LEWISTON — Power company representatives are expected to begin visiting homes in the Twin Cities in the fall, replacing old mechanical electric meters with new smart meters.
Stephen Daniels, manager of sales for Central Maine Power Co., outlined for city councilors the work contractors would be doing.
All told, the company hopes to replace 19,000 meters in Lewiston and 12,000 in Auburn. Daniels said the company already has installed 64 smart meters in newly constructed or remodeled buildings in Lewiston. So far, 17 customers in Lewiston have chosen to opt out and not have smart meters installed.
CMP has contracted with VSI Meter Services to do the work, which is expected to be finished in February 2012.
"What's going to happen, a person will be coming to your door and telling you that they need to replace your meter," Daniels said. "You can have them do it right there, or you can call to schedule a time later on."
If nobody is home and the meter is easily accessible, the contractor will go ahead and replace the meter and leave a note on the front door.
The installation takes about 15 minutes and requires all power to the home or business to be shut down. The effect will be similar to a short power interruption.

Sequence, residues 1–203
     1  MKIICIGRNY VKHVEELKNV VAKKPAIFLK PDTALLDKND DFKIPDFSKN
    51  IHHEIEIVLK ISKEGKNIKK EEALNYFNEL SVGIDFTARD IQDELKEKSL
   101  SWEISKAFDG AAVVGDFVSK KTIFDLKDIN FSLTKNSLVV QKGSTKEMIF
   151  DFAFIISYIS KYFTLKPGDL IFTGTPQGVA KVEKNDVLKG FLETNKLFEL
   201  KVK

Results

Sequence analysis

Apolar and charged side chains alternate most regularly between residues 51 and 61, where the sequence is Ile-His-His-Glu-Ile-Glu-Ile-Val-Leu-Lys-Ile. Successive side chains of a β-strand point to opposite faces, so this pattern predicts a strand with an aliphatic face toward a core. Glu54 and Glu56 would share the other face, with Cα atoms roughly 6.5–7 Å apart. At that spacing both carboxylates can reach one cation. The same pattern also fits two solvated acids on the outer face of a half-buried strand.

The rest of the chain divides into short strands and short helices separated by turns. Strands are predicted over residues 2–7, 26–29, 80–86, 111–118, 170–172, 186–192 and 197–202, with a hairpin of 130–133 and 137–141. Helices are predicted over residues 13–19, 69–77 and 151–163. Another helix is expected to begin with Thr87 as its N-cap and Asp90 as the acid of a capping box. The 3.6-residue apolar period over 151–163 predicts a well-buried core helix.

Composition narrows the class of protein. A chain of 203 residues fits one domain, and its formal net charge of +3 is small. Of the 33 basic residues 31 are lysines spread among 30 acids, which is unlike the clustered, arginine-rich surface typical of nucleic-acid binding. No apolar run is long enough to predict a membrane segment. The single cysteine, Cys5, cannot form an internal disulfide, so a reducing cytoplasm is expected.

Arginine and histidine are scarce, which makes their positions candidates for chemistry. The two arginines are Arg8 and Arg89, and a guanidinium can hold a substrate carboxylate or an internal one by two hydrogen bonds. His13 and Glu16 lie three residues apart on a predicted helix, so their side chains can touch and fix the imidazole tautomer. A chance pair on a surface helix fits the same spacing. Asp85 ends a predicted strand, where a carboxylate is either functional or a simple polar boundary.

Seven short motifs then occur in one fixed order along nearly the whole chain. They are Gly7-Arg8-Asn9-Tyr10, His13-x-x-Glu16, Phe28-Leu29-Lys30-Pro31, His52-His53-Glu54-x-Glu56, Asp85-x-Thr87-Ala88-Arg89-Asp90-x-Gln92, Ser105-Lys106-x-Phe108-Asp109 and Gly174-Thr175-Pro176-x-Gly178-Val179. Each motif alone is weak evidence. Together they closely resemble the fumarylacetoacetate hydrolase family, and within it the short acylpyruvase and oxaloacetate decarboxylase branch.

The meters will let the company keep better track of power use, logging the actual time power was used.
"You can go onto our website and see when you are using most of your electricity and what the price is at that time," Daniels said. "Then, you can adjust the way you use power, using some appliances when prices are lower."
When the conversion is complete, the meters will be networked via radio waves with neighboring meters. The network will forward meter logs to CMP's computers. The conversion means the company will eliminate up to 148 meter-reading positions statewide.
Daniels downplayed health concerns from the meters, saying the amount of radiation from a cell phone is 12,667 times greater then a smart meter puts out.
Even so, residents can choose to opt out — for now — and not have their old meter replaced with a smart meter. The question of opting out for good is being considered by the Maine Public Utilities Commission and the state Legislature.
"But this is something both the federal and the state government required us to do," Daniels said. "So, if that changes, it will be up to them and not us. We will abide by whatever they decide."